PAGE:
Creates a new VPN client root certificate.


   -Name <String>
   -PublicCertData <String>
   [-DefaultProfile <IAzureContextContainer>]


The New-AzureRmVpnClientRootCertificate cmdlet creates a new VPN root certificate for use on a virtual network gateway. Root certificates are X.509 certificates that identify your Root Certification Authority: all other certificates used on the gateway trust the root certificate.

This cmdlet creates a stand-alone certificate that is not assigned to a virtual gateway. Instead, the certificate created by New-AzureRmVpnClientRootCertificate is used in conjunction with the New-AzureRmVirtualNetworkGateway cmdlet when creating a new gateway. For example, suppose you create a new certificate and store it in a variable named $Certificate. You can then use that certificate object when creating a new virtual gateway. For instance,

New-AzureRmVirtualNetworkGateway -Name "ContosoVirtualGateway" -ResourceGroupName "ContosoResourceGroup" -Location "West US" -GatewayType "VPN" -IpConfigurations $Ipconfig -VPNType "RouteBased" -VpnClientRootCertificates $Certificate

For more information, see the documentation for the New-AzureRmVirtualNetworkGateway cmdlet.


Example 1: Create aclient root certificate

PS C:\> $Text = Get-Content -Path "C:\Azure\Certificates\ExportedCertficate.cer"
PS C:\> $CertificateText = for ($i=1; $i -lt $Text.Length -1 ; $i++){$Text[$i]}
PS C:\> $Certificate = New-AzureRmVpnClientRootCertificate -PublicCertData $CertificateText -Name "ContosoClientRootCertificate"

This example creates a client root certificate and store the certificate object in a variable named $Certificate. This variable can then be used by the New-AzureRmVirtualNetworkGateway cmdlet to add a root certificate to a new virtual network gateway.

The first command uses the Get-Content cmdlet to get a previously exported text representation of the root certificate; that text data is stored in a variable named $Text.

The second command then uses a for loop to extract all the text except for the first line and the last line, storing the extracted text in a variable named $CertificateText.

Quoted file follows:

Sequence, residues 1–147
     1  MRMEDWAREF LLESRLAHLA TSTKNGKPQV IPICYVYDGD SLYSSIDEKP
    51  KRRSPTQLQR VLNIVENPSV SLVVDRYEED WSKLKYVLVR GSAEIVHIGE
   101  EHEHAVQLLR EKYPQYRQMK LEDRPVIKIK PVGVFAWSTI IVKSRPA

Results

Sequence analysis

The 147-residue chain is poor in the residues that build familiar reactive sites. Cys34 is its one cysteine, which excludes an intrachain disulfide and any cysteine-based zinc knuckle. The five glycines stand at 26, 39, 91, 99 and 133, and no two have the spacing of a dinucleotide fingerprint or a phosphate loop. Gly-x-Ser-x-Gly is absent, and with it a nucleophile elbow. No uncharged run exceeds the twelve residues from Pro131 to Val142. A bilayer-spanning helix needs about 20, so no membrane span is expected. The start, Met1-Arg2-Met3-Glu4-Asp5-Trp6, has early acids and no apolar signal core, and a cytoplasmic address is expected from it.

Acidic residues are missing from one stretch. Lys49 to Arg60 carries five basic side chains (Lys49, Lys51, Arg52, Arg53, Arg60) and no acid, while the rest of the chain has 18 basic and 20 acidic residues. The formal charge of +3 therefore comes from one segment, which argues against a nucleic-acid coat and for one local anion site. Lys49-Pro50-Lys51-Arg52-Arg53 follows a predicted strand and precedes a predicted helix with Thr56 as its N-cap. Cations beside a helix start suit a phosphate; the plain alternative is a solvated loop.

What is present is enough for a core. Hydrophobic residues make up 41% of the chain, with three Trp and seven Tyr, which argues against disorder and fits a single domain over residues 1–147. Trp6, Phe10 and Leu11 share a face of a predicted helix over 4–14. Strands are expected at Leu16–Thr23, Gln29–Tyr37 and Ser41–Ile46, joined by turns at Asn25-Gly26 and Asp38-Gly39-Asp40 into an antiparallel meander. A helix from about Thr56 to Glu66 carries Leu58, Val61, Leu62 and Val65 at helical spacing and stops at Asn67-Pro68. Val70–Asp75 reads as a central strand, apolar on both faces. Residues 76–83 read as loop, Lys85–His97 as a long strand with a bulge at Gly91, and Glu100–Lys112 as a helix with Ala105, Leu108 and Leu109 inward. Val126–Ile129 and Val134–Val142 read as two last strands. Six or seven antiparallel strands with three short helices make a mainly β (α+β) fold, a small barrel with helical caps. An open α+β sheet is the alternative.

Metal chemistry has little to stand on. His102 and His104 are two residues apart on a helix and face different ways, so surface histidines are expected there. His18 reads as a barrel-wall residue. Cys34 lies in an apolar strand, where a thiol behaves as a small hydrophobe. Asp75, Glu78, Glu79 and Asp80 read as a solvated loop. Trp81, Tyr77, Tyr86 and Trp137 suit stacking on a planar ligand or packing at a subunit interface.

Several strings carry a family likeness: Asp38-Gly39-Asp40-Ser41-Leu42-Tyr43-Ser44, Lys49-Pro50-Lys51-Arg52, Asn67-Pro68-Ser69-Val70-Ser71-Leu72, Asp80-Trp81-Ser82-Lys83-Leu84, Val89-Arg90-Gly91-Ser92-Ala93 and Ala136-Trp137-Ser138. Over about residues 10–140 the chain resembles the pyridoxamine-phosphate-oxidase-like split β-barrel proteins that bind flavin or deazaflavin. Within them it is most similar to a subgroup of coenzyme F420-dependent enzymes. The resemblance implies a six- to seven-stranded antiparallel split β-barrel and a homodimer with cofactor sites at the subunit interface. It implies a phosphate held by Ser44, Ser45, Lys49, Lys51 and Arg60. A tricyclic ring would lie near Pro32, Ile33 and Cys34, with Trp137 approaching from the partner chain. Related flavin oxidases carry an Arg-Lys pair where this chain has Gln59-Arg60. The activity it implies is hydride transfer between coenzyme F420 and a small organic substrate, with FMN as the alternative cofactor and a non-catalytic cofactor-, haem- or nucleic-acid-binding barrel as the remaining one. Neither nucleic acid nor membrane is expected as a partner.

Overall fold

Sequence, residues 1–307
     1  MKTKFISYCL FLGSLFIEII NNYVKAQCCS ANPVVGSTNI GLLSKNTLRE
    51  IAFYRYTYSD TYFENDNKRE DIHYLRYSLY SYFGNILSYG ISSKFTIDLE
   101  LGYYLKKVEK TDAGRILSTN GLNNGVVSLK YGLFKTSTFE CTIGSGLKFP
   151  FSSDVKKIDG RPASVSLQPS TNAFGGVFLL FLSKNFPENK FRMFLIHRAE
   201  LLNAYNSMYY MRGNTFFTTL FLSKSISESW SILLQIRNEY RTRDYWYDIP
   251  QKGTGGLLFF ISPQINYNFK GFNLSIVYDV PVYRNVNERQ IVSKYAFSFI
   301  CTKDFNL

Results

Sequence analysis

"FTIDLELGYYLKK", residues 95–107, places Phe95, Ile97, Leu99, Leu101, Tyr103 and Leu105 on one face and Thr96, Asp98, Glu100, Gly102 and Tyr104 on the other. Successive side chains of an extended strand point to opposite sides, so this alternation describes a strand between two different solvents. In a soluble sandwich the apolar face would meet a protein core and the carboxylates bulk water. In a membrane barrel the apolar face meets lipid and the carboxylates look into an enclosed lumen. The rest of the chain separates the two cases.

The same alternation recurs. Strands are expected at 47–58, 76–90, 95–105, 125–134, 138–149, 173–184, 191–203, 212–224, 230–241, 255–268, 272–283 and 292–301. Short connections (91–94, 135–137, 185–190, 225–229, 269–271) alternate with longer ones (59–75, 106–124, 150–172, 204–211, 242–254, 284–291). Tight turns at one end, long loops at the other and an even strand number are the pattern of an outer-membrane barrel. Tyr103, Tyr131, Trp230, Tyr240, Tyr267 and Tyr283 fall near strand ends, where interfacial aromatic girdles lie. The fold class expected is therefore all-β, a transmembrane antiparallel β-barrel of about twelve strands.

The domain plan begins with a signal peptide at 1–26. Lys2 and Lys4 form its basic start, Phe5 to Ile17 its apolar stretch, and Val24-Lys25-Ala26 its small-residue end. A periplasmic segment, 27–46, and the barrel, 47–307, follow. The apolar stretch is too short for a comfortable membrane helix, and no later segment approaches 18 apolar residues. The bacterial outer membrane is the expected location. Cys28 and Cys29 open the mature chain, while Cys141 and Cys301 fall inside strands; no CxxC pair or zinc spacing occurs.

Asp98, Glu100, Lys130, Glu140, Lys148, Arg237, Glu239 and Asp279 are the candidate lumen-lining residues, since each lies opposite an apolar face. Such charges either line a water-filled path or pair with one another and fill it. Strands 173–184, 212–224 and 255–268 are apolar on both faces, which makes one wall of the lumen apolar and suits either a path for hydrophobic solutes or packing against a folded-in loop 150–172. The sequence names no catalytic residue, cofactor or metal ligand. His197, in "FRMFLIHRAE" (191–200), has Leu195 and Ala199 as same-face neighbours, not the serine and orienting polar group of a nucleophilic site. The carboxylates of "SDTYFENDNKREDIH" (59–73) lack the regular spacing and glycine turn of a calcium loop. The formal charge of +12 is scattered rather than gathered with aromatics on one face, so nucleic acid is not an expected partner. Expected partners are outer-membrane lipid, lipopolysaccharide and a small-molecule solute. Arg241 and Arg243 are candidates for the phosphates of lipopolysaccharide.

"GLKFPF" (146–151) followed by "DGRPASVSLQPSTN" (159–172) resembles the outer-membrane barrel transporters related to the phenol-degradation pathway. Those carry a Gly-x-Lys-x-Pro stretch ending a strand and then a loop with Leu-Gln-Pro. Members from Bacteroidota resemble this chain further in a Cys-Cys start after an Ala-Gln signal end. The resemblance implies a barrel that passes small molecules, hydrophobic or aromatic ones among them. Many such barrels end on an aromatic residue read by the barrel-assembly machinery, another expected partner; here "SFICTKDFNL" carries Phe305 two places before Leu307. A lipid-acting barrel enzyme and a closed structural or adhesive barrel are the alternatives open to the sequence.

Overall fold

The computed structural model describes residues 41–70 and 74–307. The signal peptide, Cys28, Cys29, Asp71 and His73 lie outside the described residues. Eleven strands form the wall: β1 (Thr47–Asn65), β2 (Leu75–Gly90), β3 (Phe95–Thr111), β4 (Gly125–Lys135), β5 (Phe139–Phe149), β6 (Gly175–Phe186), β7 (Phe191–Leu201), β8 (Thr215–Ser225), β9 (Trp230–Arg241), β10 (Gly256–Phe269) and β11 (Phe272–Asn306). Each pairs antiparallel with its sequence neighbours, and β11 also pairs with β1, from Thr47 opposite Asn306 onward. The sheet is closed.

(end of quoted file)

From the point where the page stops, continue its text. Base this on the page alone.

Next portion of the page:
The third command uses the New-AzureRmVpnClientRootCertificate cmdlet to create the certificate, storing the created object in a variable named $Certificate.

Required Parameters


Specifies a name for the new client root certificate.

Default value:None
Accept pipeline input:False
Accept wildcard characters:False

Specifies a text representation of the root certificate to be added. To obtain the text representation, export your certificate in .cer format (using Base64 encoding), then open the resulting file in a text editor. You should see output similar to this (note that the actual output will contain many more lines of text than the abbreviated sample shown here):

----- BEGIN CERTIFICATE ----- MIIC13FAAXC3671Auij9HHgUNEW8343NMJklo09982CVVFAw8w ----- END CERTIFICATE -----

The PublicCertData is made up of all the lines between the first line (----- BEGIN CERTIFICATE -----) and the last line (----- END CERTIFICATE -----) in the file. You can retrieve the PublicCertData by using Windows PowerShell commands similar to this:

$Text = Get-Content -Path "C:\Azure\Certificates\ExportedCertficate.cer" $CertificateText = for ($i=1; $i -lt $Text.Length -1 ; $i++){$Text[$i]}

Default value:None
Accept pipeline input:True (ByPropertyName)
Accept wildcard characters:False

Optional Parameters


The credentials, account, tenant, and subscription used for communication with azure.

Aliases:AzureRmContext, AzureCredential
Default value:None
Accept pipeline input:False
Accept wildcard characters:False


This cmdlet does not accept pipelined input.


This cmdlet creates new instances of the Microsoft.Azure.Commands.Network.Models.PSVpnClientRootCertificate object.